I soon realised that at 71 I was the oldest person on board. The average age of the divers was in the early 30s with the exception of a married couple in their early 60s and my bunk mate. The spread of ages actually worked very well to bring so many different experiences and mindsets to the mix of conversation and I benefitted from the energy and enthusiasm of the younger crowd.

Each morning started with a wake-up call at about 6h00, a dive briefing at 6h30 and then our first dive of the day. A full breakfast was served when we had all returned, washed and changed. The next briefing was around 11h00, then an hour’s dive followed by lunch. The mid-afternoon dive typically took place at around 15h00 with the rest of the afternoon free to relax, read, have a preferred drink and chat on the covered upper deck. For the more experienced divers, there was a night dive and then supper. With air temperatures of 40ºC plus and several dives a day, even the youngest diver was in bed by 22h00.

At each briefing, we were given a thorough assessment of the underwater conditions and occasionally I decided that discretion was the better part of valour and did not dive – the currents would have been too strong for me.

My first sight of each wreck was mind-blowing, given the sheer size – enormous hulks, covered with soft corals, sponges, hard corals and teeming with other forms of life, fish of every shape, size and colour, Moray eels, Turtles.

(Thank you to Kerri Keet for the use of her photographs.)

Follow our Chartered client, Pat Dunbar, as she continues on her diving adventure and shares lessons she learned on this remarkable experience. Read her next installment here:

Never tire of life: travel instead

Two months touring some of the most beautiful countryside in the UK has gone by in a flash. We have been asked on numerous occasions: “Have you not seen all this before?”

I think the answer is very simple: if you are tired and bored with the beauty and wonder of nature, then you are tired of life.

We so enjoyed our time in Snowdonia, the Pembrokeshire Coast, North Wales, Brecon Beacons and The Gower Peninsular. The weather was not always good, but good enough for us to do plenty of walking and sightseeing, and get plenty of rest and reading time which we find essential at this stage in our lives.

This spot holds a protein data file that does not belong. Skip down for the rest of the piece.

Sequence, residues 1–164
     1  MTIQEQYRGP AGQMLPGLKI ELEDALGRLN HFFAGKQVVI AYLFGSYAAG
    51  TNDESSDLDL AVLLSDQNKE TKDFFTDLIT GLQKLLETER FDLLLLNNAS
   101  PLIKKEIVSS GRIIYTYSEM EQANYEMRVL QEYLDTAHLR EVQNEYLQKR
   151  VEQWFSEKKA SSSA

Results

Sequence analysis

We were able to enjoy time with my cousin and his wife at Penarth overlooking the Severn Estuary which has the second highest bore in the world; at certain times of the year it is possible to surf the incoming tide for miles.

On our way back to London we visited the Caen locks between Rowde and Devise in Wiltshire. It is a system of 29 locks built in a staircase nearly 200 years ago. Thomas Telford built the amazing 39 meter high aqueduct near Llangollen instead of the locks.

We are now looking after our son and daughter-in-law’s house and cats for the next two weeks while they holiday in France. We will then visit the West Country.

The Rolfes in literary-rich Lake District

After a wonderful few weeks in the Yorkshire Dales, an incredibly beautiful part of the British Isles, we now find ourselves in The Lake District, just proclaimed a World Heritage site. With chocolate box scenery, it is certainly a wonderful area to visit … especially if the weather is perfect.

We have enjoyed some lovely walks in the mountains and visits to the many beautiful Waters, lakes and villages. We are staying at a lovely site on the shore of Coniston Water, where Donald Campbell died 50 years ago attempting to break another water speed record. We enjoyed Ullswater, home to some of the highest mountains in this area, all of a 1000 feet high.

This is Wordsworth and Beatrix Potter country, and we visited Cockermouth on the west coast where William Wordsworth was born. We drove over the Honister Pass; negotiating the narrow roads has been interesting, but drivers are so considerate which makes it feasible.  We saw the results of the devastating floods in and around Ullswater in 2015, but they are slowly returning to normal.

Making the most by making music

Music is a pathway to the playfulness of life.

Whether it’s music that taps along – literally – to the light-hearted enjoyment of everyday life or the overwhelming intensity of an orchestra imploding our senses, music is play at its most powerful.

Listening to music, writes Dr Sara Ahmed, can be a healing experience. She says that music is “intricately linked to our lives, entangled with memories from childhood to old age…”

She also says that music can improve well-being in cases of anxiety and depression and can stimulate the memories of those suffering from dementia. Even the lyrics of a song can carry power: lyrics are linked to “emotions and memories, which form the foundations of us as individuals”. (Click here to read her article.)

Benefits for the brain
But today, I want to take music-as-play to its most literal level and talk about playing – as in the literal playing of a musical instrument.

According to Dr Ahmed, learning to play a musical instrument, even as an adult, improves your brain’s neuroplasticity, possibly preventing neurological disease and improving your focus and decision-making abilities.

You might never have played a musical instrument, or have played so long ago, you can hardly remember what a cello looks like. But how wonderful to be able to play – literally – and be developing your brain at the same time.

Music’s unique contribution to your wellbeing
I had the privilege of attending a neuroscience conference by Dr Tara Swart, who shows that the only activity that literally accesses or lights up the whole brain (as per her presentation showcasing different brain scans) is that of playing an instrument. Dr Anita Collins, music education researcher, concurs.

Monitors measuring brain activity in real time show that music literally lights up multiple areas of the brain. Doing a maths sum or reading a book will show activity in a specific section of the brain but playing music, says Anita, “is the brain’s equivalent of a full-body workout.”